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First thoughts on the National Conservation Plan

The Federal Government announced its long-awaited National Conservation Plan today.

We welcome conservation progress in all of its many shapes. At this point it is not clear how this plan will allow the government to meet its stated international goal of protecting at least 17% of our land and 10% of our oceans by 2020. We are at 10% and 1% today.

The three principles of the plan are all very laudable – and necessary: Conserve, Restore, Connect.

Protecting land, both private and public, should be a central piece of the plan. The significant investment in private land conservation is an important step which we support. However, governments are the stewards of 90% of our land mass. Only 10% of Canada is owned privately. Yet there is no investment in expanding our public protected areas on land.

It was shocking to see no support for National Parks in today’s announcement. There are still many new National Parks to be created in order for us to complete our system of National Parks... And Parks Canada’s capacity to track the state of our park ecosystems was severely cut in the 2012 federal budget , so much so that the federal Environment Commissioner questioned how the Agency would be able to fulfil its mandate to protect the ecological integrity of our national parks. National parks are the federal government’s flagship conservation tools that are beloved by Canadians.  A national conservation plan that ignores our national parks has an enormous gap.

It was very encouraging to see an investment in marine conservation over five years. Canada has fallen behind significantly in marine conservation and our assumption is that this money will be used to create  a network of marine protected areas that will help us achieve the international goal of protecting at least 10% of our oceans by 2020.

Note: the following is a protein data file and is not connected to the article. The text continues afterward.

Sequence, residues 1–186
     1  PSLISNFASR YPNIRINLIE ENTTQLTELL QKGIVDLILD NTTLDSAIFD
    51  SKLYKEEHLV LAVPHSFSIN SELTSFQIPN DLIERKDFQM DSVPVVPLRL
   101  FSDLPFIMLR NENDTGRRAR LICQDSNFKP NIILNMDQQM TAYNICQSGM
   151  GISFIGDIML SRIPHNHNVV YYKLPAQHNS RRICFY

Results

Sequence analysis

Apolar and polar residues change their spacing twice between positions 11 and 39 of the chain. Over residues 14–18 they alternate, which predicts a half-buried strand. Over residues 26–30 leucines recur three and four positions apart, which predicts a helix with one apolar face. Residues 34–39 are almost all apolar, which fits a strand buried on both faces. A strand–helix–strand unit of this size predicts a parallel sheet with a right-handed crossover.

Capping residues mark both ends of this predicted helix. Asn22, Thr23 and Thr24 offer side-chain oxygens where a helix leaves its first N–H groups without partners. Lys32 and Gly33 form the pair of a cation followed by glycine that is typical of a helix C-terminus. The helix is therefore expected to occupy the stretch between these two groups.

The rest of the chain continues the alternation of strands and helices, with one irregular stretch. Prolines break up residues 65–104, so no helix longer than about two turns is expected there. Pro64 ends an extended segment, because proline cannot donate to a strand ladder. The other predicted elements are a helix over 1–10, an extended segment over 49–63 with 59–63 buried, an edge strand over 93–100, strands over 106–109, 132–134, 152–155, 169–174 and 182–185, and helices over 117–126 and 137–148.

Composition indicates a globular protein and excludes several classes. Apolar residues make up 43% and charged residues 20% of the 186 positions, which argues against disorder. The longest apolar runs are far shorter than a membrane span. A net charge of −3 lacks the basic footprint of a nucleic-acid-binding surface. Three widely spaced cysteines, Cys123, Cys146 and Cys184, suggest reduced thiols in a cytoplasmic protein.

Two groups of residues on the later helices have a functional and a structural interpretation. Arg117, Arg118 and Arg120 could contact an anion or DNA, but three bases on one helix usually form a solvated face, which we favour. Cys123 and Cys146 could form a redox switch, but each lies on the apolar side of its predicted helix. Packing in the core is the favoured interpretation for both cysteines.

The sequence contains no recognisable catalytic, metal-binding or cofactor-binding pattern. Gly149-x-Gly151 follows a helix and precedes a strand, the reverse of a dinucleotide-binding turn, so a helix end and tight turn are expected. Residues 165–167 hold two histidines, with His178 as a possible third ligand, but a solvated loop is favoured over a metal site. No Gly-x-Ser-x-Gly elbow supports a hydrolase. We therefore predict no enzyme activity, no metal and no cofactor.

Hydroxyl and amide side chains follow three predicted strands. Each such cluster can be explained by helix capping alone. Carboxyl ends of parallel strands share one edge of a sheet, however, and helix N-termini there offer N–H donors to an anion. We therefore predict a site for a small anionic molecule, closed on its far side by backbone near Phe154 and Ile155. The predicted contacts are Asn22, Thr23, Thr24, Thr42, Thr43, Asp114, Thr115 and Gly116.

On the restoration front, we welcome restoration of wetlands and other degraded ecosystems. While there are few details on this component as well, it is an important investment.

But let us not forget that restoration is far more expensive than if we had just kept the ecosystem intact to begin with.  Protecting much more of our vast and relatively intact landscapes needs much more focus.  CPAWS believes that at least half of our lands and waters need protection in the long term if we are to have healthy ecosystems to provide us with clean water, clean air, food and other necessities of a good life in the future.  

Connecting people to nature is critical to our survival as a species. Understanding how all living things are connected and making sure we get to experience them is essential if we’re going to build an ethic of conservation in the future. The Rouge National Urban Park can be a great model for that kind of connectivity with a large urban audience.

Connectivity means more than just people connecting to nature. It also means protected areas being connected to one another. We need to make sure that our protected areas are not isolated islands of nature -- we have learned from experience that parks and protected areas need to be connected together so wildlife can move through the landscape or else they will lose the biodiversity we seek to protect.

Overall, there is the potential for progress in thisannouncement. But there are some serious omissions and many details that are still missing that are critical to the success of a conservation plan. We need a clear road map to meeting all of our 2020 international conservation targets. We need to include national parks as a key part of the plan. We need to take advantage of the gift Canada can make to the world through the conservation of private AND public lands in this country. Through our restoration, let us remember the ecological and economic benefits of preventing the need for restoration. In connecting people to nature, let’s also ensure the importance of connecting nature to nature in our planning.